THE BLOG
07/06/2010 05:12 am ET | Updated May 25, 2011

In Praise of Clarence Brown and His American Humanism

In honor of Mr. Mickey Rooney, Hollywood legend, who has enriched us with his portrayal of Homer Macauley in The Human Comedy.

We rarely if ever see the name of MGM veteran Clarence Brown featured on lists of great Hollywood directors. His best-known movies are classic family fare like National Velvet (1944), The Yearling (1946), and Angels in the Outfield (1951). In The Yearling we see an American family in the late 19th century struggling with the everyday difficulties of getting by. The family is mired in tragedy and pain but continues to heroically persevere in order to survive in extremely trying circumstances.

In addition to these wonderful films, Brown was often assigned to direct Greta Garbo, most memorably in the silent classic Flesh and the Devil (1927) and his stunning adaptation of Tolstoy's Anna Karenina (1935).

In his adult dramas, Brown's recurring theme is that of the individual protagonist struggling to maintain moral integrity in a sea of social hostility. With films like A Free Soul (1931), Looking Forward (1933), and Come Live with Me (1941), we have excellent examples of Brown's deep concern with human dignity drawn for the viewer in very moving ways.

Brown was a studio pro who was never really seen by critics as a great artist, and yet in these days of sociocultural polarization, a number of his best movies are more relevant than ever. His MGM was a studio that frequently sought to examine and extol the tradition of American humanism that affirmed the core values upon which our civilization is based. It should be remembered that MGM produced family masterpieces like Captains Courageous (1937) and The Wizard of Oz (1939) that also stand at the pinnacle of the American cultural tradition.

The classic themes of American culture are notably portrayed in Brown's iconic films: faith, hope, charity, love, family, discipline, hard work, tolerance, justice, and courage are all presented as an indispensable part of the American character.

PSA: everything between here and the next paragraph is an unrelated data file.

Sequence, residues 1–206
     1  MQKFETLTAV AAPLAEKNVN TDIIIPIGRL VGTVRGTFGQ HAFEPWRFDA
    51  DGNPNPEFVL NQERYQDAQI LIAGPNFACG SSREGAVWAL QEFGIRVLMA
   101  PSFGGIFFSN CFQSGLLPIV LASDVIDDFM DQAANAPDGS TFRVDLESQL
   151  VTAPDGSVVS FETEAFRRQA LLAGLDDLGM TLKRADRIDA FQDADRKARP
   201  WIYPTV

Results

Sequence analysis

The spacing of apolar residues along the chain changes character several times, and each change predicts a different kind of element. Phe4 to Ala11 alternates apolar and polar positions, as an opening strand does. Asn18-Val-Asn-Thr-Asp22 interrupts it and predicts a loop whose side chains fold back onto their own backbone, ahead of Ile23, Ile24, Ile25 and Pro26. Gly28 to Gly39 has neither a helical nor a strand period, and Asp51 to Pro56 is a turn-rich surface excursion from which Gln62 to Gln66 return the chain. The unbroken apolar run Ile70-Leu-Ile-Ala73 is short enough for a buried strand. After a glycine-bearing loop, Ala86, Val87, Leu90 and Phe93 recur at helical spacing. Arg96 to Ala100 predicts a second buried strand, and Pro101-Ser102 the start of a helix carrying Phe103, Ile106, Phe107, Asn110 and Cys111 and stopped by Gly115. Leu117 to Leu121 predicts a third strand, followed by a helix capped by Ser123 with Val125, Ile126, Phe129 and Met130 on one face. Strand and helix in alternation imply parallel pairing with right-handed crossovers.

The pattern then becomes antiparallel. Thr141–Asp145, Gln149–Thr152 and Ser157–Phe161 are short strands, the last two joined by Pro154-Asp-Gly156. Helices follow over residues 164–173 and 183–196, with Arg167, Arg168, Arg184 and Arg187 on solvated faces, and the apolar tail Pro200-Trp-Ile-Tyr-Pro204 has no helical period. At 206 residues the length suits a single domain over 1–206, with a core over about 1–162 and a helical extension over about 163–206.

Brown's best films have a calm gravitas and crystalline visual beauty that contrast with the manic energy of his peer Frank Capra, another director who was deeply concerned with showing us a true vision of American civilization. MGM assigned Brown to adapt Eugene O'Neill's brilliant slice of Americana Ah, Wilderness! (1935), which contained many of the basic elements for what may be considered his masterpiece The Human Comedy (1943). Both movies revolve around American family life and its many tribulations, and both star a very young Mickey Rooney, who exemplified the classic American spirit.

The Human Comedy is a grand artistic statement that speaks in the sacrosanct tones of Scripture as it tells the interwoven stories of some very ordinary people in a California town. In these stories the full flowering of the American myth is shown as a form of religious humanism that effectively marks the high point of this brilliant tradition in our civilization.

Based on a masterful story by the great author William Saroyan, the film reveals to us the true genius of American culture. In it we see the kindness, the sense of charity, the giving, and the inclusive nature of American society. The Human Comedy shows us how America once saw itself: as a nation of kind, decent, and honest people who were nurturing forces in the lives of others. The family lives a quiet grace that is inclusive of the highs and lows of our prosaic existence. In spite of the tragedies that often come into our lives, our human character emerges triumphant, and love is in the end exalted as the essence of our life journey.

In 1949, the same year that Fox Studios released their own anti-racist classic Pinky, Brown directed a landmark film called Intruder in the Dust which was an attempt to address the vexing issue of racial hatred in America.

In a Hollywood that was too often oblivious to the inequities of American society, Intruder in the Dust seeks to address the problems of African Americans in our country and affirm their humanity.